Ch 2: Central Ideas in Writing: CCSS.ELA-LITERACY.RH.11-12.2

About This Chapter

By using the resources in this chapter, you can fulfill Common Core requirements and guide your high school students' writing through studying the concept of central ideas in history and social studies. You'll also find additional methods through which the lessons might be used in the classroom.

Standard: Determine the central ideas or information of a primary or secondary source; provide an accurate summary that makes clear the relationships among the key details and ideas. (CCSS.ELA-LITERACY.RH.11-12.2)

About This Chapter

In order to deal effectively with primary and secondary source materials, high school students will need to practice pinpointing main ideas within informational readings and summarizing those bodies of text. This collection of lessons can help students learn to accomplish the following:

  • Determine central ideas and themes
  • Explain the process of summarizing
  • Tell how transitions demonstrate relationships, sequences and shifts
  • Identify appropriate sentence and paragraph structures
  • Describe methods for incorporating coherence and cohesion in texts

You'll know that your students have a thorough knowledge of this standard when they're able to transfer these principles into their own writing. Mastery of the skills exemplified in the standard and lessons could aid students in their pursuit of college degrees or careers where strong reading and writing proficiencies are required.

How to Use These Lessons in Your Classroom

Following are a few suggestions that you might want to try along with your regular curriculum to help meet the standards for the Common Core.

High Interest Summaries

Share the lesson about summaries. Take a poll of students as to their top interests, such as sports, fashion, music, media, etc. Divide students into small work groups according to their stated interests. Make available articles of unique content pertinent to those interests for students to read aloud, discuss and summarize.

A Picture is Worth a Thousand Words

After sharing the video lesson about transitions, show students a high interest fictional piece with examples of transitions that exemplify relationships, shifts and sequences. Discuss. As homework, ask students to solidify these concepts by making visual representations of those transitions through drawings, brief video productions or some type of graphics.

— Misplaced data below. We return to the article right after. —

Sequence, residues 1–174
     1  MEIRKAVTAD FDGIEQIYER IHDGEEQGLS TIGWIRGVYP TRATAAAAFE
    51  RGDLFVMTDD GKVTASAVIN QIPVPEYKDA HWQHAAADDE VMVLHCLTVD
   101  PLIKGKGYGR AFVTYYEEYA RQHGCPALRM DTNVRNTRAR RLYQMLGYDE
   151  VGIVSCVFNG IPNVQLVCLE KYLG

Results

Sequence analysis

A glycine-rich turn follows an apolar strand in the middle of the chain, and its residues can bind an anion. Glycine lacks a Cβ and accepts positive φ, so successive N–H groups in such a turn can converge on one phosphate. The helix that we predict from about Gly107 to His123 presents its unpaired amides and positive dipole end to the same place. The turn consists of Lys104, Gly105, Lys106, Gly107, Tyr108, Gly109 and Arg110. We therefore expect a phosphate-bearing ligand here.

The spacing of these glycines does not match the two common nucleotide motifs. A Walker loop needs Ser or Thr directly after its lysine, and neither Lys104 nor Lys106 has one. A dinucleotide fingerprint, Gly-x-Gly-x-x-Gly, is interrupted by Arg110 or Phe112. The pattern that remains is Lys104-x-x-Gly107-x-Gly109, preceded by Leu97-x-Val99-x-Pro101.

Building Blocks

Review the lesson on transitions and share the projects students completed in the previous lesson. Building on that review and sharing, switch to a less tangible piece of text that is nonfiction and related to history or social studies, yet still has clear transitions. Allow students to demonstrate their understanding of these transitions by choosing to complete either a written or graphic response.

5 Lessons in Chapter 2: Central Ideas in Writing: CCSS.ELA-LITERACY.RH.11-12.2
Test your knowledge with a 30-question chapter practice test
How to Find the Theme or Central Idea

1. How to Find the Theme or Central Idea

In this lesson, you'll learn how to identify the theme or central idea of a text, and you'll get some specific examples of themes from famous stories.

What is a Summary? - Definition & Concept

2. What is a Summary? - Definition & Concept

In this lesson you'll learn what summaries are and how they differ from other forms of condensed writing. You'll also be shown an example of a summary, and what should and should not be included in a summary paragraph.

How Transitions Show Shifts, Sequence & Relationships in Your Writing

3. How Transitions Show Shifts, Sequence & Relationships in Your Writing

When you write just about any kind of paper, whether it's story writing or essay writing, use transitions to help your reader make connections and move easily through your paper. Here are some specific ways to use transitions.

Structuring Paragraphs and Sentences: Tips and Tricks

4. Structuring Paragraphs and Sentences: Tips and Tricks

Once you've developed an outline, it's time to begin drafting your essay. This lesson will walk you through the steps of putting together a body paragraph and show you how to ensure that your paragraphs are unified, coherent and well-developed.

Ensuring Coherence & Cohesion in a Text

5. Ensuring Coherence & Cohesion in a Text

Cohesion in writing is key to ensuring that your work flows properly and can be easily understood by others. There are several steps to make sure your work is cohesive and coherent, which are covered in this lesson.

Chapter Practice Exam
Test your knowledge of this chapter with a 30 question practice chapter exam.
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Practice Final Exam
Test your knowledge of the entire course with a 50 question practice final exam.
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